The Africa Mercy is in Benin.
This statement means so much more than just a ship arriving in a country.
We have now been in Cotonou, Benin for almost four full months but this blog has been in the works for much longer than that.
Two years ago, when I re-joined the ship as Sr. lab tech, we were supposed to leave the Canary Islands for a quick seven-day sail and arrive in Benin in late August. Perhaps you remember that things didn’t go as planned. Nearly two months of collective sail time, multiple trips to South Africa, two years in Madagascar, and one Ebola epidemic later and we are finally in Benin.
As I made the trip back around the tip of Africa, into Cape Town and on to West Africa I was overwhelmed with feelings of nostalgia. In some ways, it felt as though we had never left. I still knew Cape Town better than my home cities. I visited my favorite restaurants, hiked my favorite trails and enjoyed time in a city which captured a piece of my heart in 2014.
But as much as these things all remained unchanged, I am not the same person I was two years ago, and for that, I thank God.
So why has it taken me four months to sit down and write this blog post? I could say it is because I have been too busy, which in some regard, I have been. However, the honest-truth is that I haven’t wanted to face it. I haven’t wanted to process who I am and what I have experienced. I haven’t wanted to think about what it means to finally be in Benin.
But I cannot run from it any longer so here it goes, my top three lessons learned from the last two plus years…
God calls to this ship who he wants, when he wants, for whatever purpose he wants and I may never see or understand his reasoning but sometimes he shows us a glimpse of his plan and that is a beautiful privilege.
God has called me to this ship to be Snr. Lab tech whether I want the responsibility or not, and with that calling he has equipped me. It is only by his strength that I survive day to day. It is only by his equipping that I have managed to lead my team. However, in all this, he has taught me that being a leader doesn’t mean being the loudest voice or the strongest opinion. He has taught me that leading is listening and learning. And leading is confidence in his abilities and plan, not my own.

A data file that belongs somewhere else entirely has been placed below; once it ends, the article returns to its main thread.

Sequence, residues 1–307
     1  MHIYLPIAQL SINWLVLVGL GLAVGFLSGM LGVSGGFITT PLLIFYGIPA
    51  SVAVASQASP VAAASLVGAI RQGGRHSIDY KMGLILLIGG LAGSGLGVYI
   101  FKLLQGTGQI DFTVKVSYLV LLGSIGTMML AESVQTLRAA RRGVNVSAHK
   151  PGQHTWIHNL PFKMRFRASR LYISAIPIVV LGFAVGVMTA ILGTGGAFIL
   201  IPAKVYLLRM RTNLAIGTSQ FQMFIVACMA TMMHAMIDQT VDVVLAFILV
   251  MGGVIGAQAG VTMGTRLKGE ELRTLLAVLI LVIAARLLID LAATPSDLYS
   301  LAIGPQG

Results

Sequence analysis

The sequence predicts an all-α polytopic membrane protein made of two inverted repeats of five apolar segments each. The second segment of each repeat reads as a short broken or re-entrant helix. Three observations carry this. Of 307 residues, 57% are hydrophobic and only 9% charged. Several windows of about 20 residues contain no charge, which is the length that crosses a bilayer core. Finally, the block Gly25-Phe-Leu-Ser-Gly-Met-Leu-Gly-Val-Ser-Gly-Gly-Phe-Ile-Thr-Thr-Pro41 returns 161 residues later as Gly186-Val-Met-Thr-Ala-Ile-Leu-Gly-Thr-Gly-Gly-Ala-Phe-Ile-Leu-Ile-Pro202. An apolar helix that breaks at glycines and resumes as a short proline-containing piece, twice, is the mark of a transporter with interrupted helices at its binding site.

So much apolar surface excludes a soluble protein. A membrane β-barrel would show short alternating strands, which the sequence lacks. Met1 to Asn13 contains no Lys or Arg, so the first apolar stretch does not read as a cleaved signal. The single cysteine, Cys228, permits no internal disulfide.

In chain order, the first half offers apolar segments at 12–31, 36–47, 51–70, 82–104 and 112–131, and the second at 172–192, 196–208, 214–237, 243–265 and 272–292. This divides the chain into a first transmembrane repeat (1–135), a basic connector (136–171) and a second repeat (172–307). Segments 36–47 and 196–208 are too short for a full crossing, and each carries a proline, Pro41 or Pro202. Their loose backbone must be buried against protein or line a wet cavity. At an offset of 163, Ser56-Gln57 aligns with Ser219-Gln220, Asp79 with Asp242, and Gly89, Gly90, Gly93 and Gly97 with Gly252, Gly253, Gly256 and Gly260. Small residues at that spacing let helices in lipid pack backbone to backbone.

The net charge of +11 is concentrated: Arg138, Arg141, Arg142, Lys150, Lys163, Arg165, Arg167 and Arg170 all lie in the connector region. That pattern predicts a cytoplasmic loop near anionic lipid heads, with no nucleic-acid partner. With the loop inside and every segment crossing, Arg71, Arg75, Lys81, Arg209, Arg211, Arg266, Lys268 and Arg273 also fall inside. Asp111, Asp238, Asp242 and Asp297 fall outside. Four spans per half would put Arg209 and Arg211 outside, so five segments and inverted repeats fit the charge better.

In that, God has given me confidence. Confidence in who I am in him. Confidence in who I am in the hospital. Confidence in who I am in this community and confidence in my relationships and interactions with others. This has manifested itself in many ways, the least of which was a drastic hair cut (maybe I’ll share more on that one day).
That seemed easy enough, right? Well unfortunately, it’s the lesson that has still not sunk in after two years onboard that I don’t want to face. It is the fact that God is in control of this ship and the patient’s and her crew. It is not until I relinquish control that he can show me just how powerful he is. He supplies all that I need to run the lab and he never fails me. It is not until I can trust him that I can let myself take a break from the stress that is the Africa Mercy and truly live in the grace, mercy and perfect peace that he offers.
I know that without the first three lessons I would not even be close to learning the last and I am thankful for the experiences that shaped those first few years of my time here. It seems strange to think that it has been years. It seems strange to think of the transformation I have experienced when I feel like it was just a few weeks ago that I was leaving the States for an unknown adventure. But I know I am not the same person.
Now that I am finally in Benin, I hope and pray that I am ready to be here. I pray that I am ready to face the spiritual battle that is so heavily raging in this country. I pray that I have trust enough to let God be in control. I pray that I have confidence, not in my ability but his, to lead and lead well. I pray that when I leave this ship, whenever that may be, that these lessons will stay with me.
It has been a whirlwind. Let’s keep going.
Welcome to Benin. Mikwabo!